(Reuters) - Xerox Corp shareholder Darwin Deason asked a court on Tuesday to block the company’s merger with Japan’s Fujifilm Holdings Corp, claiming the U.S. photocopier maker’s board failed shareholders by approving a deal that undervalues the company.
The lawsuit is the latest in Deason and fellow shareholder Carl Icahn’s fight to stop Fujifilm from taking over Xerox in a $6.1 billion deal. The two investors, who control 15 percent of Xerox, argue the transaction dramatically undervalues Xerox and “disproportionately” favours Fuji.
The Fujifilm deal, “must be stopped dead in its tracks,” said Deason’s lawsuit filed in state court in New York.
Xerox has countered the claims saying that the merger seemed to be the best path for the company after a year of exhaustive examination of a number of alternatives.
“Mr. Deason’s allegations are without merit and the company will vigorously defend itself,” Xerox said in a statement.
Under the deal announced last month, Fujifilm plans to combine the U.S. company into their existing joint venture, to gain scale and cut costs as demand for office printing declines.
The joint venture has existed in various forms since 1962 and the current structure dates to 2001. The merger deal is expected to close in July or August.
The joint venture agreements have a previously undisclosed “crown jewel” lock-up right that gives Fuji control over Xerox’s intellectual property and manufacturing rights in the Asia-Pacific market if Xerox sells a 30 percent stake to another suitor, according to the lawsuit.
A “crown jewel” agreement is an offer to sell the stock or assets of a company to an investor most desirable to management - to prevent hostile takeovers.
Xerox said that Icahn had been privy to the details of the agreement through his representative, Jonathan Christodoro, on the Xerox Board, while Deason had been aware of the agreement when he sold his company, ACS, to Xerox in 2009.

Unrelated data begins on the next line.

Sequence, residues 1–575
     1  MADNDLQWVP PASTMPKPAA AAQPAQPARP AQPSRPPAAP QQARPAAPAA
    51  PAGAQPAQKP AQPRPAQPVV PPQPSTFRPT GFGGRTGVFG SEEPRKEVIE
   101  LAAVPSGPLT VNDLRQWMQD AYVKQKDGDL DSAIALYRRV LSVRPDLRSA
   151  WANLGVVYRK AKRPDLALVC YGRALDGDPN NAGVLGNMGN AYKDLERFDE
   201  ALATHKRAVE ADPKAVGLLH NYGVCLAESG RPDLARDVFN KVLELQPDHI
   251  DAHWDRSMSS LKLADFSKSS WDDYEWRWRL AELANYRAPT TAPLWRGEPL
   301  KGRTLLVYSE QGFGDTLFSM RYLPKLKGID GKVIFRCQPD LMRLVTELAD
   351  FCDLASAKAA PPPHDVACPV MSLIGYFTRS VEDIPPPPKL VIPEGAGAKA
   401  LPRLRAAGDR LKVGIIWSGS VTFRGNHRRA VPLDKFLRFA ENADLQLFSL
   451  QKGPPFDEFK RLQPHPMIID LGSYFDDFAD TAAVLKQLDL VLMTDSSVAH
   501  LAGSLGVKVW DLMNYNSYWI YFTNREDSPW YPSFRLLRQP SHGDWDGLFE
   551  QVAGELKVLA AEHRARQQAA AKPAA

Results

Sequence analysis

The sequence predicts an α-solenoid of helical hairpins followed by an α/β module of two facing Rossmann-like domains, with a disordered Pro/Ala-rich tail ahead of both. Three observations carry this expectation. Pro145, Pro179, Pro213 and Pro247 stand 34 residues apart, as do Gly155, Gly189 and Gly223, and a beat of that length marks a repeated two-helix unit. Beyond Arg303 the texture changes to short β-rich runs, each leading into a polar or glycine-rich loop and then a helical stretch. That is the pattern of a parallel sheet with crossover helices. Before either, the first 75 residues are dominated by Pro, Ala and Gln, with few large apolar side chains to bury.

“These documents have since been publicly disclosed. For any of them to assert that these agreements were ‘shrouded in mystery’ is disingenuous, at best,” the company said in a statement early on Tuesday, before the lawsuit was made public.
Deason also included former Xerox Chief Executive Ursula M. Burns in the lawsuit, saying she was chairman of Xerox between May 2010 and May 2017 and had full knowledge of the Fuji-Xerox joint venture agreements.
In a letter to shareholders, who still have to approve the deal, Xerox said that walking away from the joint venture would require it to completely rebuild its supply chain, which would be extremely expensive and take years to implement.
On Monday, Icahn and Deason, who own a combined 15.2 percent in Xerox, called upon shareholders to free “the company from the shackles of the Fuji Xerox joint venture.”
Some analysts have said that Xerox and Fujifilm management seem locked into the deal and have limited options in terms of addressing Icahn’s and Deason’s opposition.
Shares of Xerox closed down 2.6 percent at $29.17 on the New York Stock Exchange.
Reporting by Laharee Chatterjee, Aishwarya Venugopal and Supantha Mukherjee in Bengaluru; Editing by Patrick Graham and Tom Brown